# part18 - Public Health 6450 Fall 2011 Lynn Eberly and Andy...

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Unformatted text preview: Public Health 6450 Fall 2011 Lynn Eberly and Andy Mugglin Division of Biostatistics School of Public Health University of Minnesota [email protected] Part 18 Review Summarizing Relationships Between Quantitative Variables Where are we going? Previously: I one, two, and paired sample comparisons for binary data I one, two, and paired sample comparisons for quantitative data Current topics: I Overview of Analysis Methods (so far, and a few yet to come) I Describing Relationships Between Quantitative Variables (Ch. 2): Scatterplots, Correlation Next topic: I Simple Linear Regression (Ch. 2) Eberly and Mugglin PubH 6450 Fall 2011 Part 18 2 / 36 Review Summarizing Relationships Between Quantitative Variables Identify the variables of interest In scientific research, we are often interested in the relationship between two variables. I Comparing the effectiveness of two blood pressure lowering drugs: drug type and blood pressure. I Evaluate the effect smoking on lung cancer: smoking status and the presence (or not) of lung cancer. I Education level ( ≤ high school vs. ≥ college) and income. Most often, one of these variables is an outcome of interest (what we have often called a ‘disease’ variable) and the other is a variable we think may explain that outcome (an ‘exposure’ variable). Eberly and Mugglin PubH 6450 Fall 2011 Part 18 3 / 36 Review Summarizing Relationships Between Quantitative Variables Two-sample t-test When the ‘exposure’ variable is binary (drug 1 vs drug 2; ≤ high school vs. ≥ college education) and the ‘disease’ variable is quantitative (blood pressure; yearly income), we can: I Randomize participants to receive drug 1 or 2 and compare their mean blood pressure after some period of follow-up. I Identify the two exposure populations ( ≤ HS vs. ≥ college), draw a random sample from each, and compare their mean incomes. Analysis method (when sample size is large enough) I Estimate: difference of the sample means, with CI. I Hypothesis test: two-sample t-test. Eberly and Mugglin PubH 6450 Fall 2011 Part 18 4 / 36 Review Summarizing Relationships Between Quantitative Variables Two-by-Two (or Larger) Tables: Cohort Study or Clinical Trial When both variables are binary (smoking yes/no and lung cancer yes/no), we can: I Identify the exposure populations (smokers/nonsmokers), draw a random sample from each, and compare the proportions of lung cancer patients. Analysis method (when sample size is large enough) I Estimate: conditional probabilities (given exposure status) in the sample, risk difference, RR, or OR, with CI. I Hypothesis test: z-test of difference in proportions, chi-square test for independence, or chi-square test of homogeneity of proportions....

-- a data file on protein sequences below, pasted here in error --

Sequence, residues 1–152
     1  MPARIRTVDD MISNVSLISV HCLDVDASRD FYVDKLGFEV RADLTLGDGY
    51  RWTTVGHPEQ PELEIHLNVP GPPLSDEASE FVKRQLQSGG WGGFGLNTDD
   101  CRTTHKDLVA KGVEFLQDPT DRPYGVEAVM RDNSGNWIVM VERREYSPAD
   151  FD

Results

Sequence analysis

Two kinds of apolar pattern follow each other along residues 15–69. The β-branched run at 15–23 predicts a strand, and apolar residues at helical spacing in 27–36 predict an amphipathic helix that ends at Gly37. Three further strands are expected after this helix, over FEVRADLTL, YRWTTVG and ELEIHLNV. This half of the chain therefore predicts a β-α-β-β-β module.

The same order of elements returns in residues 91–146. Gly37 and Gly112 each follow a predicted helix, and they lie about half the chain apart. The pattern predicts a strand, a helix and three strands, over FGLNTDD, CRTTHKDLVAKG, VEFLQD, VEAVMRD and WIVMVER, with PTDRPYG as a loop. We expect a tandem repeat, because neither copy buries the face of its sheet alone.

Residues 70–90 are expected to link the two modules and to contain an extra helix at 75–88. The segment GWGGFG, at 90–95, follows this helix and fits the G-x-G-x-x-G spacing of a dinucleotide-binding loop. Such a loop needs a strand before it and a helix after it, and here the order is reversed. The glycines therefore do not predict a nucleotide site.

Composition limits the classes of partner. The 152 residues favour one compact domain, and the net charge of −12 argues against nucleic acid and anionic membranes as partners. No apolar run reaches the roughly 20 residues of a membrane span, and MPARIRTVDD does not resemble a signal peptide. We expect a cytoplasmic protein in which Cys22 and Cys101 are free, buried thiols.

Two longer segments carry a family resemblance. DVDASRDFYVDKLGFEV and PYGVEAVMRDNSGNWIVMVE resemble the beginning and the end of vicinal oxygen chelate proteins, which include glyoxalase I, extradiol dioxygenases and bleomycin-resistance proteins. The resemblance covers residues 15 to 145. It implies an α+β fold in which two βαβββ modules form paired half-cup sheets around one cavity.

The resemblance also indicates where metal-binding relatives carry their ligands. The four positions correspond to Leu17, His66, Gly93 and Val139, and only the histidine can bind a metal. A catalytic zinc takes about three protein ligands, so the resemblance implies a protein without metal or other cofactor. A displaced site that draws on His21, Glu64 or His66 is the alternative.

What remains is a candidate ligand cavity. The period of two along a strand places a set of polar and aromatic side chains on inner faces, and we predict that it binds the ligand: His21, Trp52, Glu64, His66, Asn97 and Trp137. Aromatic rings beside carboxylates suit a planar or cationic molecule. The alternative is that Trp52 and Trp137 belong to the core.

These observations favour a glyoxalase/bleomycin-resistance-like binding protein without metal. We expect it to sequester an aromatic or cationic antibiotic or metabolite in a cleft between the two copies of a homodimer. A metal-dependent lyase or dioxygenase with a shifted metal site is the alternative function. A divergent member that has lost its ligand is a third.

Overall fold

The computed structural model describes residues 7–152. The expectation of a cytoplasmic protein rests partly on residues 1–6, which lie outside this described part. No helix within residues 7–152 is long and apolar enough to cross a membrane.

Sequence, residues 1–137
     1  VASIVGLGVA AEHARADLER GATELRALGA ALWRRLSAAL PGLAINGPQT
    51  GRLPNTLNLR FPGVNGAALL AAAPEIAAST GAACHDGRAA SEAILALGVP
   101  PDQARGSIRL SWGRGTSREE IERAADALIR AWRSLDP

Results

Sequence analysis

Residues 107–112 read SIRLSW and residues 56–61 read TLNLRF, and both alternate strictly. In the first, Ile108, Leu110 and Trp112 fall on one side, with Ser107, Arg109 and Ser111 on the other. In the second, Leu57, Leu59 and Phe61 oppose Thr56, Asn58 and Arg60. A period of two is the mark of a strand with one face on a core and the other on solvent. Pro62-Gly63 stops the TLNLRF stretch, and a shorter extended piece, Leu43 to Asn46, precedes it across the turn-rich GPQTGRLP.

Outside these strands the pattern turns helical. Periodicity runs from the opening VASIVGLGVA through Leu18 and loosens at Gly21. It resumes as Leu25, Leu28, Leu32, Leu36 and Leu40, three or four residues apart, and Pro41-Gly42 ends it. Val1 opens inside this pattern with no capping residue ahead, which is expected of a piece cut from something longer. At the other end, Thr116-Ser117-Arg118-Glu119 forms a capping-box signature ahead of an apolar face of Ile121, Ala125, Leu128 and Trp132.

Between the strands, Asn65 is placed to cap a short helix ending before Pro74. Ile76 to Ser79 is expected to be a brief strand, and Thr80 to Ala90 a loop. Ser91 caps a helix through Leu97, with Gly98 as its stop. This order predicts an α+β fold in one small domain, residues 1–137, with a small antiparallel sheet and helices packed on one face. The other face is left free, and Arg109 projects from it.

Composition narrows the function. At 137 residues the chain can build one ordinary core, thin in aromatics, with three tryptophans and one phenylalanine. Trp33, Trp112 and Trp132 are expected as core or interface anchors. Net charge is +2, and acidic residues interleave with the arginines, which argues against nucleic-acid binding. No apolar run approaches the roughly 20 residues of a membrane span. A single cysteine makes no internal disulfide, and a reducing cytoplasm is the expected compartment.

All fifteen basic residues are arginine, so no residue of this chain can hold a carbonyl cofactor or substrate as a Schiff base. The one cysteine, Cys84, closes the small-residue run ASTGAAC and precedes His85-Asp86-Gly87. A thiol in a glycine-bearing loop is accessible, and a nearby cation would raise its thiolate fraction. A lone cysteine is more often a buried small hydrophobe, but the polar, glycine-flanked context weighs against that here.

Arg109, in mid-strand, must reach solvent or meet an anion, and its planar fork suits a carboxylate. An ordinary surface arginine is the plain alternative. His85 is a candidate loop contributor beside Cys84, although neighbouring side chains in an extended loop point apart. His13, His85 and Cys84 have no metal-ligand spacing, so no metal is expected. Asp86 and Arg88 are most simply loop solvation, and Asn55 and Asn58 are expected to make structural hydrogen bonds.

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## This note was uploaded on 11/21/2011 for the course PUBH 6450 taught by Professor Andymugglin during the Fall '10 term at Minnesota.

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part18 - Public Health 6450 Fall 2011 Lynn Eberly and Andy...

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